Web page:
Sumitra wasn’t just a filmmaker, of course. She led other lives. She was passionate about botany, chess, and the bohemian life she lived with her brother, Kuru, when the two of them dined and wined in Naples and Malta aboard a 34 foot yacht that later anchored off the coast of the French Riviera. Like her father, who had a passion for history, and her brother, who had a passion for prose and poetry, Sumitra did her studies in a conventional stream (science) and realised she was not going to follow a conventional career (medicine). It was during her stay in the Riviera that, as she told me once, “we began to question our purpose in life.”
She realised her limitations early on. “I didn’t have the discipline to be a writer or poet and I certainly did not have the training to be a historian.” That was when she picked up her first passion, photography. She got so engrossed in it that when she returned to Sri Lanka years later, she would regularly take photographs of her cousins, nephews, and nieces, and cover weddings of relatives with a 16mm Bolex camera.
From there she decided on what path she would take. Soon afterwards she went to Switzerland and enrolled at the University of Lausanne to study French, so that she could “get into a school for photography in France.” But by the time she was “done with Lausanne”, circumstances had compelled her to take to another path. She found herself in the Ceylon Legation in Paris, where she met Lester and was advised to go study at the London School of Film Technique.
At London, she remembers, “I picked up everything I could about the cinema and I made friends with many of those who would become the leading figures in the Free Cinema Movement in Britain.” Among these figures was a director who would until his death remain close to her and Lester, Lindsay Anderson.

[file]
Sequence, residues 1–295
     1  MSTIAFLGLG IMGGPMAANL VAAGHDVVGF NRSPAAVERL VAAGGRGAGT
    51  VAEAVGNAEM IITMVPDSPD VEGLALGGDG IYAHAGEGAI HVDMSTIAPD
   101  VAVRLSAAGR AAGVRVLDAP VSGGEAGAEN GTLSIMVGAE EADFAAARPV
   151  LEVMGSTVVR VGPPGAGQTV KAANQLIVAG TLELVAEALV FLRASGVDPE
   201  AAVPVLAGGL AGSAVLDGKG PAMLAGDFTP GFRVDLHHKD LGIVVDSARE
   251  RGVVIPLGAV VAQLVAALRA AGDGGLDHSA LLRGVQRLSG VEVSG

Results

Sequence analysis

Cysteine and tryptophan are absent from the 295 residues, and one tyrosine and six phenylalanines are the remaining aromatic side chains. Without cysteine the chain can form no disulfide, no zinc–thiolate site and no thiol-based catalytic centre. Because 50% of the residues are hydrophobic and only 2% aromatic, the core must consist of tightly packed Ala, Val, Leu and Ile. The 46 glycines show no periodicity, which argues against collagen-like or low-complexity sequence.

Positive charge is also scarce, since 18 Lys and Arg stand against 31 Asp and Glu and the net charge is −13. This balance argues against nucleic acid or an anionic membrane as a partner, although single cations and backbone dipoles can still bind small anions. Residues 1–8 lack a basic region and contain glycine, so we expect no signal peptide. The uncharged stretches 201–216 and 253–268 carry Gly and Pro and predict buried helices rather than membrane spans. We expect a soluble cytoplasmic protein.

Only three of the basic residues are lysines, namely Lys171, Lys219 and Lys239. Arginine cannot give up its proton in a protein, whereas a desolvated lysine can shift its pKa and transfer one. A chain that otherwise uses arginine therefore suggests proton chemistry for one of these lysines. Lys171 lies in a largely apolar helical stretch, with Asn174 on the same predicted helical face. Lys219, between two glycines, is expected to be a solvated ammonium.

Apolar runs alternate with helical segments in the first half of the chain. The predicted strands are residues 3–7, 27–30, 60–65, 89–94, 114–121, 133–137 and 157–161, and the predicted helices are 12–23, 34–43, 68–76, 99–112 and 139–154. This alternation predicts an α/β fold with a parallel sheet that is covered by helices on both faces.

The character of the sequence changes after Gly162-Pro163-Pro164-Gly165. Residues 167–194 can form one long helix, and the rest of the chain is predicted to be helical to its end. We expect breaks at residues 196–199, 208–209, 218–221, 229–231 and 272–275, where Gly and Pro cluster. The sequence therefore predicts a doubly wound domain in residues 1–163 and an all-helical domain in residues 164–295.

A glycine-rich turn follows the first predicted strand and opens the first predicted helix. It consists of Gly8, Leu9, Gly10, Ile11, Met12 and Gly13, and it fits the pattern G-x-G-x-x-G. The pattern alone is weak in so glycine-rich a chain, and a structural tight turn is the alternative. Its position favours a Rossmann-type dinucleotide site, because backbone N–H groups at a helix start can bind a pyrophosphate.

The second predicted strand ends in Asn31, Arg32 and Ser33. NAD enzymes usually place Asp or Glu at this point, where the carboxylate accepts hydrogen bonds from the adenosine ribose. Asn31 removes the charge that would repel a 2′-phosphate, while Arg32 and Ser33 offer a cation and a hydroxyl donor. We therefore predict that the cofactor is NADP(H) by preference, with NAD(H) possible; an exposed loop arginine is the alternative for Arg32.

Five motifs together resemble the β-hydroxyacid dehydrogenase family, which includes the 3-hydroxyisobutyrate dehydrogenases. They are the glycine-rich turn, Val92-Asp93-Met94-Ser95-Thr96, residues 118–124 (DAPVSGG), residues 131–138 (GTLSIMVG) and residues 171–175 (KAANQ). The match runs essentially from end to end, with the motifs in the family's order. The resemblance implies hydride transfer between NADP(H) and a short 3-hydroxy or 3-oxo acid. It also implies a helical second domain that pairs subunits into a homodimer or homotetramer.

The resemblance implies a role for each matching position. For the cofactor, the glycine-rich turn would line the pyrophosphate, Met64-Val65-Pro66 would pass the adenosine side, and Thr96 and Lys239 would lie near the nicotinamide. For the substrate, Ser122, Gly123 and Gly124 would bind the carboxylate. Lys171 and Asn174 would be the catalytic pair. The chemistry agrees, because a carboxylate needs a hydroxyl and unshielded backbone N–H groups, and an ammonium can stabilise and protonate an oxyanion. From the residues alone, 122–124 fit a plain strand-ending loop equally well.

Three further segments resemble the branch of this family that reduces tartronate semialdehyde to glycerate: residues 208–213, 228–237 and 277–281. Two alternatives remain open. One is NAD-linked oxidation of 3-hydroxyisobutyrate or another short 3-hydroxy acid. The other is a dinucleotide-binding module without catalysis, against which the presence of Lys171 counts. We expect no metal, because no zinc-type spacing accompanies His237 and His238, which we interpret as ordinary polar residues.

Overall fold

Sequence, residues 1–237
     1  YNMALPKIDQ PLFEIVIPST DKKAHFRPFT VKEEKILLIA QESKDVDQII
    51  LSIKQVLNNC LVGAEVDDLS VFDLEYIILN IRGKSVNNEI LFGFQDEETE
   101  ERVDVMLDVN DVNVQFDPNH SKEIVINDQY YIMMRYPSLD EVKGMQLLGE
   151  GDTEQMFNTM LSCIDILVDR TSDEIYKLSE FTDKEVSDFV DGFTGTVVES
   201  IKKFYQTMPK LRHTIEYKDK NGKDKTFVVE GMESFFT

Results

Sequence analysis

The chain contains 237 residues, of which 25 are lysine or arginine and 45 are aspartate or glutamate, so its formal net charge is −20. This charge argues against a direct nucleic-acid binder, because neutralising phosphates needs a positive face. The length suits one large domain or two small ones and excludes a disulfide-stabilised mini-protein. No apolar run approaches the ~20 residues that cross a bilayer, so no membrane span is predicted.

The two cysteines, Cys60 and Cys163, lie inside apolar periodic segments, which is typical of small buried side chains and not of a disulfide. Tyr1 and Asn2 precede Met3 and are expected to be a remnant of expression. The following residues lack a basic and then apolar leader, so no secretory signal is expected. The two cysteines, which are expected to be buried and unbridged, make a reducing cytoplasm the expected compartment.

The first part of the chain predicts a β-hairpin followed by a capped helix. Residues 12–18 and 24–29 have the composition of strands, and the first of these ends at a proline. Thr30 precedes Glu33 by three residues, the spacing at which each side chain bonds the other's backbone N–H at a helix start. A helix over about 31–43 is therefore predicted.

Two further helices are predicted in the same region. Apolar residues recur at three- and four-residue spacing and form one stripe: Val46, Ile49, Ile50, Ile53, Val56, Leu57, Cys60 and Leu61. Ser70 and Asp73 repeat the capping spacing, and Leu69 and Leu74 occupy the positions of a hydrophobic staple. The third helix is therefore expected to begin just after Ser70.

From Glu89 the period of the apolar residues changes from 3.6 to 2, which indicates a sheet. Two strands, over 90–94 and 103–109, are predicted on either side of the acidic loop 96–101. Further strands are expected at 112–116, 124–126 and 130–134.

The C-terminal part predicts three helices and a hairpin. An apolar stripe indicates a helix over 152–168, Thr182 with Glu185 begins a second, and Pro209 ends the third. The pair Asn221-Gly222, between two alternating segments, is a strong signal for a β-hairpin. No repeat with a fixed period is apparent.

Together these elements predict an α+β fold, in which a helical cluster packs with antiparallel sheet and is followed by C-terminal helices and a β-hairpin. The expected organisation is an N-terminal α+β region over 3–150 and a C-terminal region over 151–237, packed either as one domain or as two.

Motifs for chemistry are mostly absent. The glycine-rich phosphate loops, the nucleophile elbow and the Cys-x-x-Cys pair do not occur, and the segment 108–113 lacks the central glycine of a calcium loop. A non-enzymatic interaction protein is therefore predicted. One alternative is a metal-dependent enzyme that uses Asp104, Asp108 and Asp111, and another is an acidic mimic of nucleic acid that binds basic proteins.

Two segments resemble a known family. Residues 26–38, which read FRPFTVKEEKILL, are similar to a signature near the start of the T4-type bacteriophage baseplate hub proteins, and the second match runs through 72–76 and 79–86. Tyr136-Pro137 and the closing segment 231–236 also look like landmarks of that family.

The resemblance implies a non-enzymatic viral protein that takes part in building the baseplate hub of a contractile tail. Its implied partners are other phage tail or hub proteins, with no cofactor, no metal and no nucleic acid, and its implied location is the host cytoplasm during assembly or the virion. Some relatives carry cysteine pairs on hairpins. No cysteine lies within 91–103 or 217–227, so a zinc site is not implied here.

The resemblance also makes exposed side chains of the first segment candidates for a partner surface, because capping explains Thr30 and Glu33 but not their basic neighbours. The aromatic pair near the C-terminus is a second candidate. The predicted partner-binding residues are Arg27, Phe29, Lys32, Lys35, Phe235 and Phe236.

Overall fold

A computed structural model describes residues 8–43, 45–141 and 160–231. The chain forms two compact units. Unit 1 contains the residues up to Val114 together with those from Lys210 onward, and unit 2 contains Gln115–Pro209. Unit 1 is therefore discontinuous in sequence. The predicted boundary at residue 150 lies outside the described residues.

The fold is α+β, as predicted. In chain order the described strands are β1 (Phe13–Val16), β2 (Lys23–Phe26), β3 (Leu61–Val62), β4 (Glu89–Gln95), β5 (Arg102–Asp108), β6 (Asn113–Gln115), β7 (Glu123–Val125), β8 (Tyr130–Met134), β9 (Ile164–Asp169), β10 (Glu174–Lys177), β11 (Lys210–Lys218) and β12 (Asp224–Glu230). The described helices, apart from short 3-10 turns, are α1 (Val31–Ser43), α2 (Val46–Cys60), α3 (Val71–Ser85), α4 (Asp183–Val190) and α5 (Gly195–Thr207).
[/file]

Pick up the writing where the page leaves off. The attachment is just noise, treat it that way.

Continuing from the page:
What happened next, we know: she returned to Sri Lanka, was called aboard Lester’s second film, Sandeshaya, and married him in 1963.
Right after she became the editor of Lester’s first few films, she carved a path as an editor of documentaries. Her first job was a film about fishing, Home from the Sea, which had Gamini Fonseka and Sujatha Thotawatte (Titus’s wife) as a fishing couple. It was followed by three other documentaries: Forty Leagues from Paradise (about Sri Lanka, done for the Tourist Board), Too Many Too Soon (about family planning, done with Lester), and a piece on the Kandy Perahera. These were followed in the eighties by a few stints in television, including adaptations of Gehenu Lamayi and Golu Hadawatha, all of which fitted in with her feature films.
None of these works, documentary, feature, silent, or short, bore fruit. She came quite close to a box-office hit with Ganga Addara, but that was produced by someone else. Of the money it earned she probably got a pittance. She also came surprisingly close to a hit with her debut. In fact the money earned from Gehenu Lamayi was “enough for us to buy a new house”, but the problem was that after the government changed in 1977, “the rupee’s value fell down dramatically.” The value of the money they had invested was not the value of the money they would recoup.
Another director, facing these circumstances, would have given up. Sumitra didn’t. She went on to make nine more films, not all of which stood up to the standard she tried to reach in her first four films and reached in her fifth, Sagara Jalaya. We are all richer for this, but I wonder every time I pass that street she no longer lives in: did we ever make her feel that we appreciated what she did? Someone told me that we like to draw and film and paint and dance, but we are averse to helping those who draw and film and paint and dance. We are a nation of “ungratefuls”, in that sense.
The writer can be reached at firstname.lastname@example.org